Why Bleach and Other Cleaners don’t Mix | Pittsburgh | Terry's Plumbing

Why Bleach and Other Cleaners don’t Mix

Bleach is a controversial cleaner when it comes to household use. With the impact it can have on our health and the environment, individuals have tried to decrease the amount of bleach they use. But here’s the thing, as long as you use it correctly there’s no reason to use it less. If you use bleach–or are thinking about using it–this blog covers a few things to keep in mind.

Killer combinations

Used separately, these cleaners are safe and effective to use around your home. But if mixed with bleach, either deliberately or accidentally, they create toxic and potentially fatal products.

  1.  Bleach and Ammonia – This combination is one of the most well-known no-nos. It’s also the reason why most people recommend not mixing bleach with other cleaners. Most cleaners contain ammonia, which when combined with bleach, produces chloramine gas. Exposure to chloramine gas can cause burning or stinging in your eyes, nose, and respiratory system. In more extreme cases, it can also cause internal organ damage.
  2.  Bleach and Vinegar – Vinegar on its own makes a great cleaning agent, but when mixed with bleach results can be disastrous. This combination produces chlorine gas, which in high amounts can be deadly. Chlorine gas can also cause coughing, irritation of mucus membranes, and if it comes in contact with the skin, chemical burns.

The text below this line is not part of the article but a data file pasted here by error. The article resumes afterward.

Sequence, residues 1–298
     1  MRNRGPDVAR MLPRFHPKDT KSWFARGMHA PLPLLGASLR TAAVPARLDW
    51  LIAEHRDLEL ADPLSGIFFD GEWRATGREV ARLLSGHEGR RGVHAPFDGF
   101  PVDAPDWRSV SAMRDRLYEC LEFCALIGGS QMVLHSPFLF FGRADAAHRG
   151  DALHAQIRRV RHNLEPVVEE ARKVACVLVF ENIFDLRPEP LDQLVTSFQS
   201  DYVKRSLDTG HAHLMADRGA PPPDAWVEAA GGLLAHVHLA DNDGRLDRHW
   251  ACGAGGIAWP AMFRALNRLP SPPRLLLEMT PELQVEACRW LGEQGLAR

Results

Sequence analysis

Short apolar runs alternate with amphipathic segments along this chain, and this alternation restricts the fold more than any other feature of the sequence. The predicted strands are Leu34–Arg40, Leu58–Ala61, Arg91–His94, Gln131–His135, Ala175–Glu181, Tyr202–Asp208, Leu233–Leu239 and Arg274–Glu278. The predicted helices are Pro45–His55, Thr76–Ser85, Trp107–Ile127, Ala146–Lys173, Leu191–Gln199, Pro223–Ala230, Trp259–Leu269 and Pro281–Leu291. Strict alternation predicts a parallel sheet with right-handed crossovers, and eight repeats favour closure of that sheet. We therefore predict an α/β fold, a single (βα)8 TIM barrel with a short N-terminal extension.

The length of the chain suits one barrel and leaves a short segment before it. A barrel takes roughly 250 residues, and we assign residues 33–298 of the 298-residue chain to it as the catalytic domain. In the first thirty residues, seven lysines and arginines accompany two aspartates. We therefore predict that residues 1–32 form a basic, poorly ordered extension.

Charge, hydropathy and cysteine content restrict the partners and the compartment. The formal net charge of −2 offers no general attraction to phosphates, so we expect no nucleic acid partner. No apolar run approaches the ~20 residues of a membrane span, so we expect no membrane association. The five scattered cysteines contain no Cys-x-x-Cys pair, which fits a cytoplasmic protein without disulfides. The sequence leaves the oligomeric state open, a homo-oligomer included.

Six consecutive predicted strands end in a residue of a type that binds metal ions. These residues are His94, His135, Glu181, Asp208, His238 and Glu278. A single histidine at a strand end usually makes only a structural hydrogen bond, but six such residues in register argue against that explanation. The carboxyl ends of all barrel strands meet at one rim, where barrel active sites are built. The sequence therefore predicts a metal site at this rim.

3.  Bleach and Rubbing Alcohol – This combination can create many deadly substances including chloroform, hydrochloric acid, and chloroacetone. Each of these can cause chemical burns, lead to internal organ damage, and even knock a person out.

Serious Symptoms

Exposure to any of these toxic gases produced from mixing chemicals can cause many symptoms ranging from skin irritation to unconsciousness and even death.  If you’ve been exposed, you may experience the following symptoms:

  •       Burning, reddening, or blistering skin.
  •       Burning sensation in the eyes, nose, and throat.
  •       Chest tightness or difficulty breathing
  •       Nausea and vomiting

How to use Bleach the Right Way

It’s important to note that bleach is not a cleaner; it’s labeled as a disinfectant. Meaning surfaces should be cleaned first, then disinfected with bleach if needed. Bleach should always be stored in a cool, dark place, kept away from children, and used with gloves and eye protection if there’s a risk of contact exposure or splashing.

On its own this is a substance not to be trifled with, which is why it needs to be diluted. A bleach to water ratio of 1:99 is suitable for general household use, while a ratio of 1:50 is recommended for surfaces contaminated with bodily fluids (i.e. vomit, urine, blood etc.). When diluting, remember to use cold water only! Using hot or boiling water will cause the active ingredients to break down and lose their effectiveness.

Call Super Terry Today

Choosing the right cleaning products is key to keeping your plumbing in tip top shape. However, if problems do arise from caustic cleaners or corrosion, give us a call. We can get your plumbing back on track!